Jim Boykin has an utterly fantastic new SEO tool that lets you view your outbound links. I have been on it like a hobo on a ham sandwich.
This was of such interest to me because I honestly have not paid all that much attention to my outbound links. Obviously I try to use credible sources and only link to sites that I trust (except for ones in which I link to sites because people bought me a drink/threatened my life/asked me to nicely), but in terms of working this into my overall strategy I admit to being somewhat out of the loop here. But no longer…I’ve seen the light.
Normally inbound links are my focus, when I’m not searching Google images for photos of Gang of Four or trying to figure out how to work Adam Ant into another post in hopes that he will find me one day and reveal that he’s a fan of my search engine optimization efforts and actually had me in mind when he cast that librarian-looking girl in the Goody Two Shoes video. OK yes, I was maybe 5 then but still. I try to keep to a formula of continuing to gather good inbounds (those should drop dramatically after this Adam Ant nonsense wrecks my reputation) while still referencing outside sources that are relevant to the topic at hand, with the inbounds obviously (hopefully) being higher in number than the outbounds.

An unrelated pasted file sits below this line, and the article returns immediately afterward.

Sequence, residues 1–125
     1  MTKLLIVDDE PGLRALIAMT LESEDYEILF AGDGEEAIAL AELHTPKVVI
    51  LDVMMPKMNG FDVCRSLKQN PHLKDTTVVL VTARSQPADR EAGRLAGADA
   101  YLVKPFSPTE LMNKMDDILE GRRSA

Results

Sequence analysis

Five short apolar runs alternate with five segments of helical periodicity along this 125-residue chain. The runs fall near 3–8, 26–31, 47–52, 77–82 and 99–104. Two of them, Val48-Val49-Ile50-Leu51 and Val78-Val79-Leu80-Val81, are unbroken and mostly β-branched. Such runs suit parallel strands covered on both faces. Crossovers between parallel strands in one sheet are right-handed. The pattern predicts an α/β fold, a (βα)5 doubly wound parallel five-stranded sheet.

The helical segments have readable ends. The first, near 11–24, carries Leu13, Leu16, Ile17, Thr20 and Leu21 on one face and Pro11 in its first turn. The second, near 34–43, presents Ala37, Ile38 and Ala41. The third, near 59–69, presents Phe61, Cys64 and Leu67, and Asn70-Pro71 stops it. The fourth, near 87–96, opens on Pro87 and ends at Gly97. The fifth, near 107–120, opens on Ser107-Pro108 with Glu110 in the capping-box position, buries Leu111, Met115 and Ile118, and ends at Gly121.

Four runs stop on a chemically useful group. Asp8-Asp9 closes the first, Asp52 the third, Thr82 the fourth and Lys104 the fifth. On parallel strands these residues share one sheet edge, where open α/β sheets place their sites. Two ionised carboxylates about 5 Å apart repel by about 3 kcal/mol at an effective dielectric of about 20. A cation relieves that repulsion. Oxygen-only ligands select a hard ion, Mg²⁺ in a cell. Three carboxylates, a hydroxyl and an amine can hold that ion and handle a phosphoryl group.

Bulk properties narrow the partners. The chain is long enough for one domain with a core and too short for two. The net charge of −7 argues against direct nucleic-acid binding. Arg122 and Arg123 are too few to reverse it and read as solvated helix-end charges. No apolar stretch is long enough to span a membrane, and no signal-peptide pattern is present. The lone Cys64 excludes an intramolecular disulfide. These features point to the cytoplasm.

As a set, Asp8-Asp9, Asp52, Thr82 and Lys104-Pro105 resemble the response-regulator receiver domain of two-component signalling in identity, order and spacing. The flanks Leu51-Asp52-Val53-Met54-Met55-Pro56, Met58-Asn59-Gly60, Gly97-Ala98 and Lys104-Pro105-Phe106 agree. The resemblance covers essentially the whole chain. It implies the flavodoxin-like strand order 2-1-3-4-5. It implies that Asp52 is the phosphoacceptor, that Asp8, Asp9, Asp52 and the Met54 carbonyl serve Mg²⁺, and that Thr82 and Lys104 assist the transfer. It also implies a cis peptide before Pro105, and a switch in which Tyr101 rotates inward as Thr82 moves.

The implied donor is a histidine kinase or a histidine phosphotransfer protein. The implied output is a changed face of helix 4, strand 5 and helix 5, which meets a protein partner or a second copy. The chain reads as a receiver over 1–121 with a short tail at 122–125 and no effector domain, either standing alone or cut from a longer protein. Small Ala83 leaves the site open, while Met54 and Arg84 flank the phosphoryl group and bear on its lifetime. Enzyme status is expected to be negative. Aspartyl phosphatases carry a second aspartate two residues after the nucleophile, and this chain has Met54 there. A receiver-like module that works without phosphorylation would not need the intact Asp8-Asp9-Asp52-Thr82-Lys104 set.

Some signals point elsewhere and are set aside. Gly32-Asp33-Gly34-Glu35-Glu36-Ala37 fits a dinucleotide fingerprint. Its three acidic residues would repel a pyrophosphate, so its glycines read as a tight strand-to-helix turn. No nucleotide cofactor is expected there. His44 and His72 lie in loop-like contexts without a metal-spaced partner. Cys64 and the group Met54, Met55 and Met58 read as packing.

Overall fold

The outbounds, however, are really worth noticing. I did use Jim’s tool (ahem) and, even though I wasn’t really surprised by any of the links that showed up in the results, I was somewhat taken aback at seeing them all neatly listed. You can see the title tag of the page you’re linking to, whether or not your link is reciprocated, and whether or not the link has potential problems. You also get a handy dandy list of your potential link problems so that you can print it out, give it to your friendly neighborhood assassin, and have things remedied lickety split, no shi…you know what I mean. Just go try it out for yourself so that I can quit telling you how cool it is.
So how can a bad outbound link hurt you? For a concise explanation on this, something I can’t usually give, here’s what Rand Fishkin says on an older post on SEOMoz:
* You might be perceived as part of a spam/link network and get penalized or banned * Your outbound links might have their value cut off if you link to too many bad neighborhoods (or even just a few if you’re a smaller site)
* Your site’s overall authority or quality might be perceived as lower than you’d expect, causing crawling, indexing or ranking to suffer
What makes an outbound link bad though? A site that is part of a linking neighborhood that would make Mr. Rogers shudder and snag his cardigan is a potential problematic site. Sites that are part of link farms or massive link schemes aren’t sites with which you want to be associated unless you’re up to some bad stuff, you black hat monkeys. It’s like hanging out in the bathroom with the kids who smoke and beat up smaller kids. You also look like a kid who smokes and beats up smaller kids. This is part of the whole reputation management and credibility thing that is kind of important. You really can be lumped in with the bad seeds you’re associated with. I’m not talking about Nick Cave here either. Those Bad Seeds would actually be quite cool to be associated with you know…
So in closing, your outbound links really are something that you need to carefully consider. If you don’t want to pass on your authority to a site you’re linking out to, use a nofollow. It’s all really quite simple isn’t it?